In FIG. 5, a specific application of the sealing structure of this invention is shown in which the laminate 27 is used in the bulkhead of a vessel. The substrate layer 28 is composed of horizontal and vertical metal panel members 29 and 30, respectively, which form liquid-containing compartments 31 and 32. Over the period of many years, cracks or breaks 33 form in the weld or juncture of the members 29 and due to movement of the vessel, especially in heavy seas. The cracks 33 preferably are welded shut prior to the forming of the laminate 27.

As is most clearly shown in FIG. 6, preferably a coating 34 composed of a polyurethane material is applied in the areas 35 and 36 of the substrate layer 28 immediately adjacent to and on either side of the crack 33. Fillers 37 and 38 of flexible material, such as elongated strips of foam rubber, are superposed over at least a portion of the coating layer 34 to provide adequate bridging over the crack 33 and, in addition, to provide an area of nonadhesion for the polyurethane coating layer 39 which is superposed over the fillers 37 and 38 on either side of the crack 33. The foam rubber fillers 37 and 38 may also, if desired, include a pressure-sensitive adhesive layer to provide adhesion between the fillers 37 and 38 and the layer 34. Also, a material, such as masking tape may be used to hold the fillers 37 and 38 in place. Alternately, if the fillers 37 and 38 are formed of a relatively flowable caulking compound, as shown in FIG. 4, in place of the foam rubber, it is not necessary to use masking tape to hold the fillers in place. In addition, the caulking compound may be a more satisfactory flller from a cost standpoint.

The coating layer 39 substantially covers and is adhered to adjacent surfaces 40 and 41 of the members 29 and 30, respectively, of the substrate layer 28 except in areas35 and 36 immediately adjacent to and directly over the cracks 33. A

nonadhering portion 42 of the coating layer 39 is thus formed. Accordingly, when the members 29 and 30 move relative to each other due to the movement of the vessel, substantially all of any stress associated with such movement is distributed over the nonadhering portion 42 of the coating 39 rather than being concentrated in an area 43 (shown in broken lines) of the coating 39 corresponding to the dimension of the crack 33 which would likely result in the rupture of the coating layer 39.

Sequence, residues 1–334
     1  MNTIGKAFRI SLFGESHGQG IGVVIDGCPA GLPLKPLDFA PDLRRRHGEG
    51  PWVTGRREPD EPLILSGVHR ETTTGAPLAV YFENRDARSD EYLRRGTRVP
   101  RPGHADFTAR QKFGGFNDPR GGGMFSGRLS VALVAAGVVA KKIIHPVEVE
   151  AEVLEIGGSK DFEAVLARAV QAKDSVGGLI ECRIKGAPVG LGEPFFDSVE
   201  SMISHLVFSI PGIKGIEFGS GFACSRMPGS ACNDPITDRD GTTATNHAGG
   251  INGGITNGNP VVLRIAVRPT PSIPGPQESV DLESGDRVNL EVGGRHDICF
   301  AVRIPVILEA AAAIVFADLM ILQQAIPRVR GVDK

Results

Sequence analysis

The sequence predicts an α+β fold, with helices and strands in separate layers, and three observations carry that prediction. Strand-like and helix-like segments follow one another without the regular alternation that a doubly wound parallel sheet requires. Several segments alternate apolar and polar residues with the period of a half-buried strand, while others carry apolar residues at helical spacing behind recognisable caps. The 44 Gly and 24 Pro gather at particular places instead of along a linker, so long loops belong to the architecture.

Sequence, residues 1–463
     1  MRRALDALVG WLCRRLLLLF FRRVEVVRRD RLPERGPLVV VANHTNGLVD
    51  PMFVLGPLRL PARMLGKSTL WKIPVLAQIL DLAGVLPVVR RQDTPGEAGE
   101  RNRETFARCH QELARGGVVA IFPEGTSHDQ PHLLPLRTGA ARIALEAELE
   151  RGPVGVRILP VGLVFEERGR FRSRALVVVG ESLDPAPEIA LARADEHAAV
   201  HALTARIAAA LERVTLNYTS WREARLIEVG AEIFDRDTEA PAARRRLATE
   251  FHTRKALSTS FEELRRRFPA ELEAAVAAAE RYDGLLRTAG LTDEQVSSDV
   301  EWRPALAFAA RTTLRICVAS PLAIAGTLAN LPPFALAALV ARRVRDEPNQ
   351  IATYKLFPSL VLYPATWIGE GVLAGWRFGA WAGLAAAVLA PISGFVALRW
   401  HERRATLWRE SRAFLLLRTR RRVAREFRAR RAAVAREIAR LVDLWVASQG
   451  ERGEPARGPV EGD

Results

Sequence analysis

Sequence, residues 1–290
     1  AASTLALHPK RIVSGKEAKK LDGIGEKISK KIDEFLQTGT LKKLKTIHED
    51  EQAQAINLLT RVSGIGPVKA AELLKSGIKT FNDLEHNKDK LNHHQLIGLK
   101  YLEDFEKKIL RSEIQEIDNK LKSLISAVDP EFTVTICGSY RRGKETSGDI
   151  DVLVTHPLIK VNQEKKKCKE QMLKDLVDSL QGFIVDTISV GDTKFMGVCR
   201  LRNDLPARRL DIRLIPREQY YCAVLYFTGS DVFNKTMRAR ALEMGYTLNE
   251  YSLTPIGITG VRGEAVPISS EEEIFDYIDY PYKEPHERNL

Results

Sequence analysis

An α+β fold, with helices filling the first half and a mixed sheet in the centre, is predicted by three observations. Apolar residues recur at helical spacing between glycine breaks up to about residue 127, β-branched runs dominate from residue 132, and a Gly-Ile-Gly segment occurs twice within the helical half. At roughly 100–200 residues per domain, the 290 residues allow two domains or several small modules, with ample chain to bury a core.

It should be apparent to those skilled in the art that the double coatings of the laminate 27 provided by layers 34 and 39 are most desirable to insure a proper seal over the crack 33. In this arrangement, the fillers 37 and 38 provide a positive means of preventing the adhesion between the outer coating layer 39 and the inner coating layer 34 which covers and fills the crack 33. Consequently, after a break occurs in the coating layer 34 due to the relative movement between members 29 and 30, the coating layer 39 will remain intact to provide an adequate seal and prevent the leakage of the various fuels or other liquids contained in the bulkhead compartments 31 and 32. Furthermore, the fillers 37 and 38 are composed of foam rubber or caulking compound which is preferably substantially nonadhered to the coating layer 39, either chemically or physically, to insure that the stress caused by any movement of the panel members 29 and 30 will be largely confined to the fillers 37 and 38 and not transferred to the coating layer 39. If, however, some substantial adhesion does take place, as previously mentioned, the tensile strength of the foam material being less than that of the polyurethane coating layer 39, permits the breaking away of the fillers 37 and 38 from the coating without the rupture of the layer 39.

In the preferred method of forming the laminate shown in FIGS. 5 and 6, first the adjacent surfaces 40 and 41 of the metal panel member 29 and 30, respectively, of the substrate layer 28 are prepared for the subsequent application of the polyurethane coating layers 34 and 39. This preparation includes, for example, the cleaning of the surfaces 40 and 41 preferably by degreasing and grit or sandblasting by use of conventional equipment for this purpose, and the application of a suitable metal primer coat to the cleaned surface. A 1- hour minimum drying time is preferred after application of the primer coat but a l-month maximum time is possible if the primed surfaces are protected from contamination. A second coat of primer is optional but desirable in order to develop maximum adhesion. The metal primer coats can be applied with conventional air-type spray equipment or by hand if desired.